Fire away; at least you are more coherent than "Cummings".
>That it is or isn't a literal history is a matter of debate, and what or
>how much was added is the same. By asserting this you are yourself making
>some assumptions. These are assumptions YOU want to believe.
Hardly. Saying, "the Bible is literal history" is a testable hypothesis;
all you have to do is compare the "historical" accounts of the Bible with
known history determined by paleontological and/or archaeological and
scholastic research; no assumptions are needed. When that is done, we
discover that the events described in the first eleven chapters of Genesis
are contradicted by paleontological, archaeological and scholastic history.
As such, the logical conclusion is that this part of the Bible is not
>>Neither Christ nor the New Testament says anything that would "endanger"
>>committment to evolutionary science. As for the Old Testament, only the
>>first eleven chapters of Genesis challenge evolutionary science, but these
>>chapters do not add anything significant to the concept of salvation. In
>>the final analysis, there simply is no conflict between the Bible and
>Just one question. How do the Fall and surrounding covenants with God NOT
>have relevance on salvation?
Simple. First of all, there was no Fall; at least not in the way you mean
it. An objective reading of the Bible, with no attempt made to read into
the verses non-biblical doctrines like the Fall, demonstrates that the
sinning of Adam and Eve and their subsequent expulsion from the Garden of
Eden is a creation myth meant to explain why snakes crawl on their belly,
why women have painful childbirth, and why men have to toil to feed
themselves and their family, among other things.
Secondly, the covenants were conditional treaties set up between man and God
to address contemporary concerns, which did not include salvation. None of
the covenants said that men would be saved if they obeyed them, only that
God would watch over and protect them.
>>So I guess that when God says that the moon is a "light" like the sun, the
>>moon must really be a miniature star. How can you possibly question this?
>Why does that follow? Light gets to the earth via the moon does it not?
Try reading the Bible again. In Genesis it says that God made two lights, a
greater light to rule the day and a lesser light to rule the night. The
difference between the lights is one of degree, not kind. It is therefore
obvious that both were meant to be the same kind of object, but that one
shed less light than the other. That means that either the sun is simply
another satellite or the moon is supposed to be a miniature sun. Since we
know that neither is true, then either this reference to lights in Genesis
is supposed to be figurative or (if literal history) God got it wrong.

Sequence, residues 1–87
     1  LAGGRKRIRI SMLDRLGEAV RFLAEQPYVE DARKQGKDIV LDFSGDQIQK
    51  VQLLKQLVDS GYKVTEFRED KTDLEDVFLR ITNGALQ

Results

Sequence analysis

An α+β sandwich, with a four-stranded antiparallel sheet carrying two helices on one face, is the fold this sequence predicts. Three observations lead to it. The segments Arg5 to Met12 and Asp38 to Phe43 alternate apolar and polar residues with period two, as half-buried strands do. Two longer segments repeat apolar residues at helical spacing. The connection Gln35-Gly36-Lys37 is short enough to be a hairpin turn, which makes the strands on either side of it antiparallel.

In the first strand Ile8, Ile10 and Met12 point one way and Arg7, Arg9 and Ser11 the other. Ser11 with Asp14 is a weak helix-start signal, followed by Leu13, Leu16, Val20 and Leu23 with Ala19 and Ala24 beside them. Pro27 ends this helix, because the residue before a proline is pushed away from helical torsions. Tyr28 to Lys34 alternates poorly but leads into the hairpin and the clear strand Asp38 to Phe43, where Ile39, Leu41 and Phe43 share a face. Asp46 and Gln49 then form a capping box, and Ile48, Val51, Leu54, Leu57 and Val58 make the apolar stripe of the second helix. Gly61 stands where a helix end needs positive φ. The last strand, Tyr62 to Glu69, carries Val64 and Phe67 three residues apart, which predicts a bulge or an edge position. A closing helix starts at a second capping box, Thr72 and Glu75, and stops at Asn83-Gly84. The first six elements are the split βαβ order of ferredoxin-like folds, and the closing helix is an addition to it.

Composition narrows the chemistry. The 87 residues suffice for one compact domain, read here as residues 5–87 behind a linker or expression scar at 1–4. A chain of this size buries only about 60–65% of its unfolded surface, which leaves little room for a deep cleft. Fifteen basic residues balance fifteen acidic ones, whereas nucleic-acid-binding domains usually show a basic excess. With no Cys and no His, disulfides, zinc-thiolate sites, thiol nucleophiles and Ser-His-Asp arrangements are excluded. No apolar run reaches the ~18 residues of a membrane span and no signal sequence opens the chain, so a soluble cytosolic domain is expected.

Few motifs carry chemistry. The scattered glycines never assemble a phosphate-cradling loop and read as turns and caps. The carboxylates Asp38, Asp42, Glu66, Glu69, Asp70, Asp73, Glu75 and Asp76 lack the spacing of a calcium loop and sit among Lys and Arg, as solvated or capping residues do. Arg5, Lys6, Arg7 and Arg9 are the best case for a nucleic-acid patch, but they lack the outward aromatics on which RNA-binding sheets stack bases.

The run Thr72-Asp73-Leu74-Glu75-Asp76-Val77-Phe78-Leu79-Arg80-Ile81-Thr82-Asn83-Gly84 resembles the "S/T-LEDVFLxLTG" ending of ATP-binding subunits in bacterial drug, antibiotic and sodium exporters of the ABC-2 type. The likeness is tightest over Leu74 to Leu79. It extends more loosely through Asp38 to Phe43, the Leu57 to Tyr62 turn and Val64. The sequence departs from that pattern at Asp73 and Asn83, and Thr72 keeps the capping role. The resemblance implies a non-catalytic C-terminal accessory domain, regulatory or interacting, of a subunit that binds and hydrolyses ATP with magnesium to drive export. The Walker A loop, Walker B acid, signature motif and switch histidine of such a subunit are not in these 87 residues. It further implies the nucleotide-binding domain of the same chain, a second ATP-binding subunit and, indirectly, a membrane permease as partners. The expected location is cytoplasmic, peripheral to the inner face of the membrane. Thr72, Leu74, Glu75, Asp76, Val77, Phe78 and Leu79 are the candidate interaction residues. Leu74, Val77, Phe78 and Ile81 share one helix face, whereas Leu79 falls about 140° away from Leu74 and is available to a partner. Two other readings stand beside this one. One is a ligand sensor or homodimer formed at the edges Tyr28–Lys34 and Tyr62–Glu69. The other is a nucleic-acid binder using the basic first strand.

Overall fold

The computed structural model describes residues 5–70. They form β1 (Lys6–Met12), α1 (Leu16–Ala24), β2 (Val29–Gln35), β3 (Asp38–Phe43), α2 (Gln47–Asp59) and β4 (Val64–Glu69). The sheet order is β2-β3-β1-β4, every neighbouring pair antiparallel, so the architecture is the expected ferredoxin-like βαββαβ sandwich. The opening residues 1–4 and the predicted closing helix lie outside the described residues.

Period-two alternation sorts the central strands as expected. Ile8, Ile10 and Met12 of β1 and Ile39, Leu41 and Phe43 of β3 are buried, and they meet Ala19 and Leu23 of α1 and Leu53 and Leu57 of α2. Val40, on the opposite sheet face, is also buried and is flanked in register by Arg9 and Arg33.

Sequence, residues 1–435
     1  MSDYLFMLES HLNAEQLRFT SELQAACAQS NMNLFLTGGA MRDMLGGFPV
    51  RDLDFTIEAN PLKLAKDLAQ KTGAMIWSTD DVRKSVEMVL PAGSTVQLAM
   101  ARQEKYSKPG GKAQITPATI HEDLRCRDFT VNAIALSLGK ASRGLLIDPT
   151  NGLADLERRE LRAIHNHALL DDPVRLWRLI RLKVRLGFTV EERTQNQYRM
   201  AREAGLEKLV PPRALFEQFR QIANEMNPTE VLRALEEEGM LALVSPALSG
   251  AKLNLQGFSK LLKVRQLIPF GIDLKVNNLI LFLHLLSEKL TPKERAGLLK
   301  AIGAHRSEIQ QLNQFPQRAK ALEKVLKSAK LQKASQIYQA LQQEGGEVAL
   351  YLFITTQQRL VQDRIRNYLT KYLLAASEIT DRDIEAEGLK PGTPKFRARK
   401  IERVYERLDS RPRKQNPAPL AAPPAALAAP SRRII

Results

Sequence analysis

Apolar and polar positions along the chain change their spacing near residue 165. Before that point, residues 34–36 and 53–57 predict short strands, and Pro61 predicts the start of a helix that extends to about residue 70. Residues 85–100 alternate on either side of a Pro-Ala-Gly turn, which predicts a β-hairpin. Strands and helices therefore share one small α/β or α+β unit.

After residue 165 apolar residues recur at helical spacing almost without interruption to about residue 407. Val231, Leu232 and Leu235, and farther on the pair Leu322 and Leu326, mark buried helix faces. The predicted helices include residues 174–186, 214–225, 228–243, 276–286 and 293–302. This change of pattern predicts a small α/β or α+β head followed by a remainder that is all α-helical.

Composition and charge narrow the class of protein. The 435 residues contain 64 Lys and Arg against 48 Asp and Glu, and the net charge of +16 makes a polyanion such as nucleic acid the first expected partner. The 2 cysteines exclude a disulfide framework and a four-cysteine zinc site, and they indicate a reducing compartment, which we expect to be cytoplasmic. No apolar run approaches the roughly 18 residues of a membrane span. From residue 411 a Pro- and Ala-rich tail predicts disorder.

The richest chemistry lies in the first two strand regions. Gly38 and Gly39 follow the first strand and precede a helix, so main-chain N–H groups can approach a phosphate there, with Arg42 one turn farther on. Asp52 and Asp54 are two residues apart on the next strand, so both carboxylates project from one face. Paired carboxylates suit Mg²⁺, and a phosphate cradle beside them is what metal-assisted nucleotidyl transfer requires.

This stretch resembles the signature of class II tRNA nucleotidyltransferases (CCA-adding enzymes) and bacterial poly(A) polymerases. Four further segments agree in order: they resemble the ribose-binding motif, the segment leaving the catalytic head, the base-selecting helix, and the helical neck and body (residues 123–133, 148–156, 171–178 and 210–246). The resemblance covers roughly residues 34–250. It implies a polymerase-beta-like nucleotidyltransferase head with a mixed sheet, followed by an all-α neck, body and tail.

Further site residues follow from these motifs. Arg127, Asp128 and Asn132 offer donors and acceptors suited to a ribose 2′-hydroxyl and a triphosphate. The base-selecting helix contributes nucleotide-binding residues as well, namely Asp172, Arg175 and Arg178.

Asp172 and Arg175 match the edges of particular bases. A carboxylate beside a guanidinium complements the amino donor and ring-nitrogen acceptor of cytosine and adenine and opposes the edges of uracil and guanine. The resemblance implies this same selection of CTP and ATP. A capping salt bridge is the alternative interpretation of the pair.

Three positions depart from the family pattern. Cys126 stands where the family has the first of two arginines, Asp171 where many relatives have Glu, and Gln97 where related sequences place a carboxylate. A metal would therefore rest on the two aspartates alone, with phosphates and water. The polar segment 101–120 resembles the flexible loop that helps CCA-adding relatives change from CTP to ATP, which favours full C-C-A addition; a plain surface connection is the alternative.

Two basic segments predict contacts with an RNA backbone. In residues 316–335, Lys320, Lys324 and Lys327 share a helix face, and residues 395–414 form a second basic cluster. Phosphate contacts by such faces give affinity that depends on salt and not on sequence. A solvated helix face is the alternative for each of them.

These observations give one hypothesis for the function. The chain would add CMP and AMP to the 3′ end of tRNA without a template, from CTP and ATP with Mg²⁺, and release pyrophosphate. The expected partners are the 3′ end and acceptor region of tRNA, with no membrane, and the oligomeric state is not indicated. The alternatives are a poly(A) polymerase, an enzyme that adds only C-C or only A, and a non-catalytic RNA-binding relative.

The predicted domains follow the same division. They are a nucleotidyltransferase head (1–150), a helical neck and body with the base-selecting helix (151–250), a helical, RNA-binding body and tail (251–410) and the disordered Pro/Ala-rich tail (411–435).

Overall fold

>>So I guess that when God says He holds all things together, gravity, the
>>strong nuclear force and electromagnetism must be false sciences. How can
>>you possibly question this?
>Why does that follow? No one said God wasn't the force BEHIND other forces.
As a matter of fact, lots of creationists have said that. Randy Bronson on
this list has said something very much like that, and Vernon has come very
close to saying it at times. In any event, if the Bible is literal history
written directly by God Himself, then should He have not said that He uses
natural forces to hold all things together? Since He did not say this,
should we not therefore conclude that God was EXCLUDING the possibility that
He used natural forces to hold all things together?
Now here's a question for you: why cannot God be the force behind evolution
as well as the force behind gravity?
>>So I guess that when God says He is the source for all illness and the
>>source for all curing, the germ theory of disease and immunology must be
>>false sciences as well. How can you possibly question this?
>Same problem. Just because God is the SOURCE doesn't mean He doesn't >allow
us to discover what the cures he has provided us with are.
Same answer. Again, the Bible does not say that God is the source of all
illness or health through natural forces; it says that God is the source,
period. Implying that illness or health are the result of God's direct
interaction, not His interaction through natural proxies. Therefore, either
the Bible was written by men who knew nothing of germs and immunology or the
Bible was written by a rather ignorant or egotistical god.
>>So I guess that rabbits must chew the cud, insects must have only four
>>and bats must be birds, since God said so. How can you possibly question
>Where does this come from? Just curious.
Leviticus, as part of the dietary laws.
>>I can see no difference between you and Stear, except how each of you
>>yourselves. You both make the same mistakes, you both believe the same
>>fanatical dogmatism, you both come to the same wrong conclusions. In
>>had I not known you were the Christian and he was the atheist, I would
>>not been able to guess who was what (either that or I would have assumed
>>were both atheists). You are both dead wrong; that's all there is to it.
>So there is no chance YOU are the incorrect one? That appears to me to be
>the exact reverse of the fanaticism you accuse them of. Be careful!
I arrived at my assessment with help from the Holy Spirit. If I am wrong,
then the Holy Spirit is wrong as well.
Kevin L. O'Brien